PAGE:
Iceland is known for giving the world such amazing artists like Bjork, Sigur Ros, Of Monsters & Men, how do you feel you will help continue the tradition of fantastic Icelandic artists?
I feel very honoured to be following in the footsteps of the bands you mentioned above. To be given the opportunity to travel internationally with music is such an amazing experience!
Because your country has given the world so many great musicians, do you feel there any pressure on you?
Sometimes I do, but I try to not think on it for too long. I just hope they are proud of what we are doing. It's great to be able to represent my home country going around the world.
Being someone with such a unique sound, how would you describe yourself to someone who has never heard of you before?
Atmospheric melodic folk with electronic vibes.
Who are some of your influences?
Elliot Smith, Damien Rice, Thom Yorke, The Tallest Man On Earth, Bon Iver, Sigur Ros, James Blake, Mount Kimbie, Meshuggah, Jeff Buckley, Francisco Tarrega, Kelly Joe Phelps.
What is it like coming up in the music scene in Iceland and trying to gain attention?
I never really had to try to gain attention in Iceland. It was really simple in my case, we just recorded a couple of songs and put them out to the few radio stations that we have, and people picked it up from there. I wasn't really looking for the attention I was getting, I never felt ready for it. But, I decided to go with it to see where it would take me.
You have released music via Bjork’s One Little Indian label, what was it like getting a call from her people to be a part of her label?
That was a great feeling when we got the call. It was the first label at the time that showed some real interest in the album and they seemed eager to work with us. After getting to know how the label works and the people that work there it was no question of whether we should sign with them or not. Their long-standing experience of working with Icelandic artists was definitely impressive as well.
You had translated many of your songs from Icelandic to English, did you know English prior to doing this or did you have to learn the language?
I knew English before, most Icelandic people know English pretty well, and for most it’s their second language. Kids start learning English when they are about 9 years old, so I was at least a little bit prepared before making the album.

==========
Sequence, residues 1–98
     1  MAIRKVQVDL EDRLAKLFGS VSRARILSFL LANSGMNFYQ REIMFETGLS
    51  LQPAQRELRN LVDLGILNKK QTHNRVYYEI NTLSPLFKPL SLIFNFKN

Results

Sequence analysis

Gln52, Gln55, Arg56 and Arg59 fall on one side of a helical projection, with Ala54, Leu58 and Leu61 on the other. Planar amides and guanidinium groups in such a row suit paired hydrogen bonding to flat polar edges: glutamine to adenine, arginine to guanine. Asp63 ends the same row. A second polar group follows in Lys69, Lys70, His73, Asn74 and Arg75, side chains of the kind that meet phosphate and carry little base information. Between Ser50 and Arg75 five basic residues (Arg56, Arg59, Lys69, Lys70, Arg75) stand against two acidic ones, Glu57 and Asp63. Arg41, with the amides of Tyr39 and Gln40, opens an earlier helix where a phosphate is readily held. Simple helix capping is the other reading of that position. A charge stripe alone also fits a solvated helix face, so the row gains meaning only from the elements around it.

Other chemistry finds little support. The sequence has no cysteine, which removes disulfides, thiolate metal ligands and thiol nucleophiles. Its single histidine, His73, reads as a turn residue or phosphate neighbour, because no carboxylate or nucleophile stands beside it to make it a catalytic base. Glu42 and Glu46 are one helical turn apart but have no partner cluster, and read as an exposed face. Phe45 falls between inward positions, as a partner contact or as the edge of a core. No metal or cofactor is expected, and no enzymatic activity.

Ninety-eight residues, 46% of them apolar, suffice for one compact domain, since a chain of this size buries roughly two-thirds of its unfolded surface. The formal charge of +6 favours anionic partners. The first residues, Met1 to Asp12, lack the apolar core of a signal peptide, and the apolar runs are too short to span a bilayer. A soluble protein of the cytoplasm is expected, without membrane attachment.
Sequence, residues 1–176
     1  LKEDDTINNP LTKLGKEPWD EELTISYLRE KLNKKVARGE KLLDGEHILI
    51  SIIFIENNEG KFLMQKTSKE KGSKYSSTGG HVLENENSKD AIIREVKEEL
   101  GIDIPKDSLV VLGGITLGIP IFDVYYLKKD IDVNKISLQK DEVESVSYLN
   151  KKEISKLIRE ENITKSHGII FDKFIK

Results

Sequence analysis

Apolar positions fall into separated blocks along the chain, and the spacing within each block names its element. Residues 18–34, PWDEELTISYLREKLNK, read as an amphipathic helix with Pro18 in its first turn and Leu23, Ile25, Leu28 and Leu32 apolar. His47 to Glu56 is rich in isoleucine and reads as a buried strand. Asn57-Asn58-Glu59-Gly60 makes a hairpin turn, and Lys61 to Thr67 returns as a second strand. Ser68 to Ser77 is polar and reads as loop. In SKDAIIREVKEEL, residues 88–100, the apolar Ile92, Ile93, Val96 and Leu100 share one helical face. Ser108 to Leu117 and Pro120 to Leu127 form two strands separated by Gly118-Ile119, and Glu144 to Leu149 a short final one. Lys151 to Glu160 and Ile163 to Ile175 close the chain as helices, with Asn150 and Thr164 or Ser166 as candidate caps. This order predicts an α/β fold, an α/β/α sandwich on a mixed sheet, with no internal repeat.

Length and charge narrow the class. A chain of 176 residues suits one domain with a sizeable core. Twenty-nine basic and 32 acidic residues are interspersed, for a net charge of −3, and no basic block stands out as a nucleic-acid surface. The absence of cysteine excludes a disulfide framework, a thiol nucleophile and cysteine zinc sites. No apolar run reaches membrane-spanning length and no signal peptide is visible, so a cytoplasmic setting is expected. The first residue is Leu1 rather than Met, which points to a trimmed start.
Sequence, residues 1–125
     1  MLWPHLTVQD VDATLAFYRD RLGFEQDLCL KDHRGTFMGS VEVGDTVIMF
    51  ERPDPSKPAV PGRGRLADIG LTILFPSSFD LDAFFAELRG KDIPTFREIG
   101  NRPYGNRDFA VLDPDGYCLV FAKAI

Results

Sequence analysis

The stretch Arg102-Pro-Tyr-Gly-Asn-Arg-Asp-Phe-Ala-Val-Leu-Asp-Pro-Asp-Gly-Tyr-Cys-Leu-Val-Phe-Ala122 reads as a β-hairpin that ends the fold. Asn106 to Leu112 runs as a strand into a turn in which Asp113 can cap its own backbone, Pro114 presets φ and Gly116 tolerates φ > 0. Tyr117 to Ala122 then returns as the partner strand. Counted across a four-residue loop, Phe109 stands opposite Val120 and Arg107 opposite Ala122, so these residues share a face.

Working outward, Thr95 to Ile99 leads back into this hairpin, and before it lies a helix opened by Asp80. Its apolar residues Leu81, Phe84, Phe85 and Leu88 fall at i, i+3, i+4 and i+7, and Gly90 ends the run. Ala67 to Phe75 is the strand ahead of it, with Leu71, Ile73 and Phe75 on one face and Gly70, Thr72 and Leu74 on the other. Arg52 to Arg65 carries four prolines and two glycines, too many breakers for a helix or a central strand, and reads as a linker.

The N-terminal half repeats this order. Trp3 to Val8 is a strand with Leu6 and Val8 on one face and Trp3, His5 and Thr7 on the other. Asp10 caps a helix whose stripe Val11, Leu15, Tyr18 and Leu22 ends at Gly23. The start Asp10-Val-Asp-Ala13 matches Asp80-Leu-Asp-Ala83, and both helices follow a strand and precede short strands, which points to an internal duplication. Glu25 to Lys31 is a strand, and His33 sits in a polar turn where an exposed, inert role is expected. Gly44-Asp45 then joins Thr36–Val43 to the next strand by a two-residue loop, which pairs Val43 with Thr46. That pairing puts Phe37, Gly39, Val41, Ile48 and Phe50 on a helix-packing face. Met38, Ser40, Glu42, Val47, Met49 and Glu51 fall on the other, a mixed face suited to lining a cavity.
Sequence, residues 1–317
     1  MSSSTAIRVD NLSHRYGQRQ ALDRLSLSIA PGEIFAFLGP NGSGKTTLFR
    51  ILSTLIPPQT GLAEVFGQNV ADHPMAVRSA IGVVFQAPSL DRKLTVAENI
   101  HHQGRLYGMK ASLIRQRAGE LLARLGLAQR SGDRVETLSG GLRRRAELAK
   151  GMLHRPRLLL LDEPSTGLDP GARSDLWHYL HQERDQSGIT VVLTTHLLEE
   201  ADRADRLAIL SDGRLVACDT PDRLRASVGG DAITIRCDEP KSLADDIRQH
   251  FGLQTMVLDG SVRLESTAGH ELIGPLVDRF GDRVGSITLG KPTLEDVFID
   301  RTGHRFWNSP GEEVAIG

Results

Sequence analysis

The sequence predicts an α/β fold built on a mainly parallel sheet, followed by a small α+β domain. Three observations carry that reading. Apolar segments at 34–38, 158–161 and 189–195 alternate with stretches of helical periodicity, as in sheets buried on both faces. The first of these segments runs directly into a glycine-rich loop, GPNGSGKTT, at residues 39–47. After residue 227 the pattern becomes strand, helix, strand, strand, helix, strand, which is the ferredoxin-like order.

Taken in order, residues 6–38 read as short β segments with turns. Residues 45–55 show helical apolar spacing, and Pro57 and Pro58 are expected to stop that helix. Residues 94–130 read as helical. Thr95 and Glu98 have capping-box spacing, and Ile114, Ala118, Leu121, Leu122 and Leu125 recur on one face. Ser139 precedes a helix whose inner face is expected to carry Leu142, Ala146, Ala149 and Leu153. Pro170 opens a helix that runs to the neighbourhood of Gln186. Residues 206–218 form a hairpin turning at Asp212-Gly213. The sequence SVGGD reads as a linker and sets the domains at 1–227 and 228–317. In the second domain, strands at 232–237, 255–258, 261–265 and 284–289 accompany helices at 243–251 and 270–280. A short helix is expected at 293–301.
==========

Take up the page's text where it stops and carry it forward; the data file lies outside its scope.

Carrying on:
You linked up with John Grant of The Czars to help translate your material, how did that relationship come about?
My brother introduced me to John in the autumn of 2012 when we were starting to think about ways to get this album outside of Iceland. John had been living in Reykjavik for one year then, so he had been making appearances here and there through the year, collaborating with Icelandic artists, singing songs in Icelandic, making an album with Biggi Veira… so people knew about him. I liked his music a lot and felt that this would make a perfect opportunity to work with him and get to know him. We had a few ideas about how we could bring the album outside of Iceland, one of the ideas was just to release it in Icelandic, another idea was to make new English lyrics for each song and the third idea was to translate these Icelandic lyrics into English. I met up with John Grant and we talked about these ideas and in the end after going through the Icelandic lyrics with him, we felt that the most suitable thing would be to translate the Icelandic lyrics and keep the same meaning and feeling.
What was it like crafting your debut?
It was a fun period in my life. It was so different from anything I had done before. I had never been in a recording studio before so just that was very exciting for me. I worked closely with Kiddi, who was the producer on the album, and we also got some great musicians to work with us on the album, who really put their mark on the album.
It took us about 3 months to get the album together and just a few weeks later it was released in Iceland.
You are a very big deal in your native country, winning many awards, selling out shows in large places, your songs are all over the place there. What is it like coming to America and being an virtual unknown and having to start over again?
It’s been a long time since we played show’s in Iceland. We have been touring Europe for about one and a half years now, so we’re kind of used to beginning somewhere new and pretty much start from scratch. Our June tour was our first proper tour in the US, so we are not playing big venues here yet, but I like playing smaller venues as well, it becomes more intimate and you get a chance to talk to the fans after shows more than you can do after big shows.
People often seem to be more enthusiastic about it here than in Iceland. The crowd is most of the time great, everybody is respectful whilst the band is playing and they seem to be there just to listen to the music. I feel like over all we have had a really warm welcoming over here.